The magic lantern was an early form of projector for visual images, widely used for entertainment and educational purposes in the 18th and 19th centuries.
Also known by its Latin name, lanterna magica, it was a development from the apparatus was ostensibly first fully developed by Dutch scientist Christiaan Huygens in the late 17th century and was initially largely used for entertainment purposes. Increasingly also used for education during the 19th century, when smaller versions were also mass-produced as toys.
Initially used to present picture shows, as self-standing acts or shows, it soon also became a useful tool in spectacle oriented theatre productions, such as melodramas.
The magic lantern lost favour as an entertainment form in itself, by the end of the 19th century, as motion pictures evolved, and was eventually superseded as a piece of theatrical equipment by the development of a compact version that could hold many 35 mm photographic slides: namely the well-known 20th century slide projector. This in turn, was itself later replaced by far more versatile inventions of the computer age, such as digital power point projectors and digital movie projectors and so on.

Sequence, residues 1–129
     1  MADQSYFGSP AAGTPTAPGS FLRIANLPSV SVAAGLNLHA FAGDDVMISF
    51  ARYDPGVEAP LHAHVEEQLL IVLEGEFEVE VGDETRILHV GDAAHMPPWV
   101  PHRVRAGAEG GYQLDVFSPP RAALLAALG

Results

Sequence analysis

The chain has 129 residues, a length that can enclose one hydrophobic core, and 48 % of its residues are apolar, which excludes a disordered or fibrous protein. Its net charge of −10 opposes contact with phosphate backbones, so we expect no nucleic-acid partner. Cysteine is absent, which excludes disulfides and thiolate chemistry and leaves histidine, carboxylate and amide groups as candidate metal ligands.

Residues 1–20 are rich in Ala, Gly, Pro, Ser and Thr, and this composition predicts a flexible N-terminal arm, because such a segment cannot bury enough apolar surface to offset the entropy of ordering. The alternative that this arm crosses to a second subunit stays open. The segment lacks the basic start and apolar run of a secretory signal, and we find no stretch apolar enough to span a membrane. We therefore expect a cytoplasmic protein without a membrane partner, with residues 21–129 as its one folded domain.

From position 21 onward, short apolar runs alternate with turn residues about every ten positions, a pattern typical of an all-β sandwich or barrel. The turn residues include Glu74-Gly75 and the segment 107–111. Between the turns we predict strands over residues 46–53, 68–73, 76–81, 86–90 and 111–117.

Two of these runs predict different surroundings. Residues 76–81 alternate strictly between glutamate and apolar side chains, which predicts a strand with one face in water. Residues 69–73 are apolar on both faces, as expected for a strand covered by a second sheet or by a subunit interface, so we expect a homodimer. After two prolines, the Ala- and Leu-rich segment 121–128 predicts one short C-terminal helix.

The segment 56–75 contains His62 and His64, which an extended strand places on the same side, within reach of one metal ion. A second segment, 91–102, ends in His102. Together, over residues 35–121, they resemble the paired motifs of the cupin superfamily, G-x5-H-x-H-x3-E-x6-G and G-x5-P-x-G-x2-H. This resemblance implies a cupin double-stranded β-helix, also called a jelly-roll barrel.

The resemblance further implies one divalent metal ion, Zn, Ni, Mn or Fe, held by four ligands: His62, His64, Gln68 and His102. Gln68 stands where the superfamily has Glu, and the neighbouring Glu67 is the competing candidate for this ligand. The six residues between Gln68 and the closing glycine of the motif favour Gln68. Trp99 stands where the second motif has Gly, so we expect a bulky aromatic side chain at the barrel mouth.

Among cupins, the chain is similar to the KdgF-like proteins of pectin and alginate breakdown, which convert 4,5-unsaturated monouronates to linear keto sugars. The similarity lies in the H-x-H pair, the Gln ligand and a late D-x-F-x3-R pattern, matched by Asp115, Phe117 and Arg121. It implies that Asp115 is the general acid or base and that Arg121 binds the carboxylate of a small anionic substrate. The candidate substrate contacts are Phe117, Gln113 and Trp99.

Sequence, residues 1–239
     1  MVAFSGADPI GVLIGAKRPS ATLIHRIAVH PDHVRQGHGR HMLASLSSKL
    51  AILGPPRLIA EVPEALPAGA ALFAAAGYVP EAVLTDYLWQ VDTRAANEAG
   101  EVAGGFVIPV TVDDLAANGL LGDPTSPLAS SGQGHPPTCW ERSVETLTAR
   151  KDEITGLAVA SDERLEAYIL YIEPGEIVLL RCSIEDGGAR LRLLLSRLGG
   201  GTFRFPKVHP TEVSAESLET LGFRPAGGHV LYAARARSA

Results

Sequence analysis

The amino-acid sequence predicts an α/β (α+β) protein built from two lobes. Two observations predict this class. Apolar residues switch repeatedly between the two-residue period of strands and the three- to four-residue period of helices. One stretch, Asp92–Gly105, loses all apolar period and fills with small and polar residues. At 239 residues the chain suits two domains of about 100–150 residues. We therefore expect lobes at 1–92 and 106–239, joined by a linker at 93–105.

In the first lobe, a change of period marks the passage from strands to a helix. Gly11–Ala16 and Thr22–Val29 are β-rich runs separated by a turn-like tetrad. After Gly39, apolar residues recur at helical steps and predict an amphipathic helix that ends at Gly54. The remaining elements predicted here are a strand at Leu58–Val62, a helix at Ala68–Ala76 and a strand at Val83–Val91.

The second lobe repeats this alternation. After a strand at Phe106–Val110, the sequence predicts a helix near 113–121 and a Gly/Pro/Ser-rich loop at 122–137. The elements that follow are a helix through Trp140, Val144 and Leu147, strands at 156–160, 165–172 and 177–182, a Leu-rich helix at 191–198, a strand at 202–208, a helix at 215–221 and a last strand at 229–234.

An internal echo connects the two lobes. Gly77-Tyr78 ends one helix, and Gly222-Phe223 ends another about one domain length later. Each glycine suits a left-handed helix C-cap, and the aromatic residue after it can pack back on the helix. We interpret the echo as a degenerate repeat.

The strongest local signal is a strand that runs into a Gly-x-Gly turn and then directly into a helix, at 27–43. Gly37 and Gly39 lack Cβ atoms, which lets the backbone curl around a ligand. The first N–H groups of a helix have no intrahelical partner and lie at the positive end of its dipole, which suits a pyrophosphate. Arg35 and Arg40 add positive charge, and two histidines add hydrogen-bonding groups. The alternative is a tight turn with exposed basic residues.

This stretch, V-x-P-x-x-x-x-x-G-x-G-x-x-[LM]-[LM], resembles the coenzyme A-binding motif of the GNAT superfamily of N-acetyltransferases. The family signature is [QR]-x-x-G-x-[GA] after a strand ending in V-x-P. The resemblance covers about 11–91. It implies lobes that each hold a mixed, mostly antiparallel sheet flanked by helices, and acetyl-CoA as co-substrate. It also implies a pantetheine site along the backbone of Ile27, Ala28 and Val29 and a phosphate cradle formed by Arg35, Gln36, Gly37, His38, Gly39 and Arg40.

The magic lantern technology led to the evolution of the origin of other theatrical illusions, notably what became known as Pepper's Ghost, an illusion technique performed by reflecting an image of an object off-stage so that it appears to be in front of the audience. This was widely used in the pre-digital world of the theatre, cinema, amusement parks, museums, television, and concerts.
The term as a name
The term magic lantern was also used for various theatrical companies and venues over the years, e.g. Rainbow and Magic Lantern Cinemas, in Canada, Magic Lantern, a theater in Bridgton, Maine, United States, Laterna Magika, a Czech theater in Prague and Magic Lantern, a street theater and puppetry group in the 1970s.
The magic lantern in South African theatre and performance
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